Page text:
More heavy lorries 'could push local road network over the edge'


Council leaders have warned that a spike in the weight of goods transported by lorries could cause a similar surge in the number of potholes.

The Local Government Association (LGA) said the amount heavy goods vehicles are transporting each year rocketed by 5% to almost 1.7 billion tonnes in a year.

The amount goods vehicles transport each year rose by 5%

It said lorries, particularly very heavy lorries, are massively more damaging to road surfaces than cars because they exert more pressure, causing surfaces to crumble quicker.

Cllr Martin Tett, LGA transport spokesman, said: ‘Motorists should literally be bracing themselves for a surge in potholes. Our local roads network faces an unprecedented funding crisis and the latest spike in lorries could push our local roads network over the edge.

‘It is wrong and unfair that the Government allocates almost 40 times more to maintaining national roads, which it controls, compared with local roads, which are overseen by councils. It is paramount this funding discrepancy is swiftly plugged.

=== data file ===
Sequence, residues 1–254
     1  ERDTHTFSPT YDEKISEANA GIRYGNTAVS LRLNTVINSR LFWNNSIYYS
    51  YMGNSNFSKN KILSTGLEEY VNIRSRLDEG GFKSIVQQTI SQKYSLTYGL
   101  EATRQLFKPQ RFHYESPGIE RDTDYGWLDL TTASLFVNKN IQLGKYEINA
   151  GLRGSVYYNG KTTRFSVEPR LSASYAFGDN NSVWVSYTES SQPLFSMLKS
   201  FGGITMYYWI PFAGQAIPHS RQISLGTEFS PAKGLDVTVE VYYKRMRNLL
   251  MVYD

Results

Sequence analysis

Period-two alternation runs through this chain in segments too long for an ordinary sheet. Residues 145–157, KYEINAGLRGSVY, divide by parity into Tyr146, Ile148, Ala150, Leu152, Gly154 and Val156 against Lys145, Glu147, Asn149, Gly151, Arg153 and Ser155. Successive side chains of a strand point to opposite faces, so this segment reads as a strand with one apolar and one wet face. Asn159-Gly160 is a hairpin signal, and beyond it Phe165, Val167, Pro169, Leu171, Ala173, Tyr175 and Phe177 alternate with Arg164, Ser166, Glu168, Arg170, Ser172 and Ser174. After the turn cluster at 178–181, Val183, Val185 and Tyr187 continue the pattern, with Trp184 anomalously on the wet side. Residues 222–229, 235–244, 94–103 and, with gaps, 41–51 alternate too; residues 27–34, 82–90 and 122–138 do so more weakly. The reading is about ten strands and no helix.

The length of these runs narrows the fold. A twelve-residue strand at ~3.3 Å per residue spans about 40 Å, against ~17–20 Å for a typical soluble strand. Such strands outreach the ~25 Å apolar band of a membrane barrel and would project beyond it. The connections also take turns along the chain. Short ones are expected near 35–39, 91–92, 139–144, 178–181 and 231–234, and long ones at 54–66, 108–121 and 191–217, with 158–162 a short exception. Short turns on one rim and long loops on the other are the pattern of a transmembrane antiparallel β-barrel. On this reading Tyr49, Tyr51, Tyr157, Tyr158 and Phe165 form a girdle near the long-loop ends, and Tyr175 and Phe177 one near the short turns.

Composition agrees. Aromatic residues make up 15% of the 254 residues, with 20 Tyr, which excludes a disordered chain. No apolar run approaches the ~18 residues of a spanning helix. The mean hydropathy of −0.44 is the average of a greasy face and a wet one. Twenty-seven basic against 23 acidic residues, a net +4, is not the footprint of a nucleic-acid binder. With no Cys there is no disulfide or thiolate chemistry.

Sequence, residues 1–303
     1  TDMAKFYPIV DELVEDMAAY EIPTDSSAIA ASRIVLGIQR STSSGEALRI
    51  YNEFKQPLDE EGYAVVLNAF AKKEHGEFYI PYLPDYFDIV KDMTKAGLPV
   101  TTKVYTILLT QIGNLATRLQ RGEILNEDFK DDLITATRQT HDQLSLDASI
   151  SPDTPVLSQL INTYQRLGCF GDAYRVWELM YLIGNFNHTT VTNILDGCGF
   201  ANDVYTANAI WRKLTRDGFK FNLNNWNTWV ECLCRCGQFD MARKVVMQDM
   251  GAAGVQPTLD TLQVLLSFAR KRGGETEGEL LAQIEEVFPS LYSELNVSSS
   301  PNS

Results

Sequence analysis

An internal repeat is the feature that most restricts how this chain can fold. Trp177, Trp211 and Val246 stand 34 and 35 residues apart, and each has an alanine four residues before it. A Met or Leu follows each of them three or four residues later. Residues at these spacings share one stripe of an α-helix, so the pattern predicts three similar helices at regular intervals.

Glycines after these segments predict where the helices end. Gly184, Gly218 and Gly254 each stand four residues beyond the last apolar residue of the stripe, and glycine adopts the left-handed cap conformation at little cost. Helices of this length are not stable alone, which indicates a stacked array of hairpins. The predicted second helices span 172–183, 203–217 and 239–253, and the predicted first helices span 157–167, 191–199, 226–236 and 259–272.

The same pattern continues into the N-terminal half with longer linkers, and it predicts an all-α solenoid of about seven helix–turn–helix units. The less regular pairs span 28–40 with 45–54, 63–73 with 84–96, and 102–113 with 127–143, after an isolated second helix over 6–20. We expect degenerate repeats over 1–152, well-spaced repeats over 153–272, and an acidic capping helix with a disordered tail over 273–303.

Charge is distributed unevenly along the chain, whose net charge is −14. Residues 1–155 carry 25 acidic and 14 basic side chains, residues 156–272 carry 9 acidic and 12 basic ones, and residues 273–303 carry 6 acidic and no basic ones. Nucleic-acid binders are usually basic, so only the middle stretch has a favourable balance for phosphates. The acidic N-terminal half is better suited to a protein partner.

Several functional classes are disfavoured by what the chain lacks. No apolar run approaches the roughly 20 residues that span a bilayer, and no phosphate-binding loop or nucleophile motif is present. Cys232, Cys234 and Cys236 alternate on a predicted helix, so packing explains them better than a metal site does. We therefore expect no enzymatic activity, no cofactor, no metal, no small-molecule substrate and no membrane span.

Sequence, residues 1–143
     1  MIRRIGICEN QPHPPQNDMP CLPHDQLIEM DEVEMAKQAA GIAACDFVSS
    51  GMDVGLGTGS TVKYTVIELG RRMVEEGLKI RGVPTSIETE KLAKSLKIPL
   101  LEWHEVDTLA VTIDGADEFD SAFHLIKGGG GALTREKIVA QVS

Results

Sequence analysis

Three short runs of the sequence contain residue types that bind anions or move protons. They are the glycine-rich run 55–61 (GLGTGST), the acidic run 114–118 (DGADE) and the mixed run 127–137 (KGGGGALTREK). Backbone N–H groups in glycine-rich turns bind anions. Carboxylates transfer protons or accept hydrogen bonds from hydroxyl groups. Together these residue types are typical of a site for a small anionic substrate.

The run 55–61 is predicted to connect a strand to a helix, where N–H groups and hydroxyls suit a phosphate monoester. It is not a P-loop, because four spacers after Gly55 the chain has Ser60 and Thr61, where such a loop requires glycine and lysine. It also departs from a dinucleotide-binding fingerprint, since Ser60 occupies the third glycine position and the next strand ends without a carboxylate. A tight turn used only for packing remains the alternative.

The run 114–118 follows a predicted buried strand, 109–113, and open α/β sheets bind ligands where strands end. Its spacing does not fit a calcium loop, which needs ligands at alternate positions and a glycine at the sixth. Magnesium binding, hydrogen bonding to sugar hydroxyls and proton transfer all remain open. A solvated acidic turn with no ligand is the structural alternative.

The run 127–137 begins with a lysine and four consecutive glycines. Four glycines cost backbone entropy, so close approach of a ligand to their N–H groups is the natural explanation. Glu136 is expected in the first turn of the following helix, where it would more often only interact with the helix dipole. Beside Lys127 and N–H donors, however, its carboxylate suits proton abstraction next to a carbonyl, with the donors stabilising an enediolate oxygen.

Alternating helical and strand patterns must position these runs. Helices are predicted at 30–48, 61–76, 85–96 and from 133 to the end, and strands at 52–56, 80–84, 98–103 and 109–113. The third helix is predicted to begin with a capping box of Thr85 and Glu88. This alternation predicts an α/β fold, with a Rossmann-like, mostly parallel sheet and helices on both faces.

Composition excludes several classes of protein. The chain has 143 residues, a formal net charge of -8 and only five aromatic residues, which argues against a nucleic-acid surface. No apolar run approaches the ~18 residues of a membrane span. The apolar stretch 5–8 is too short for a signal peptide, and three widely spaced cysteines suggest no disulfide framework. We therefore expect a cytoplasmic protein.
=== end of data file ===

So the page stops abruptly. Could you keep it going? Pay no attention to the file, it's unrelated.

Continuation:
‘Our roads crisis is only going to get worse unless we address it as a national priority. The Government's own traffic projections predict a potential increase in local traffic of up to 55% by 2040. Councils need long-term and consistent funding to invest in the resurfacing projects which our road network desperately needs over the next decade.'

The LGA repeated its call for the Government to inject a further £1bn a year into roads maintenance by investing 2p per litre of existing fuel duty.

Cllr Tett said: ‘Motorists pay billions to the Treasury each year in fuel duty when they fill up their car at the pumps only to then have to drive on roads that are decaying after decades of underfunding.’


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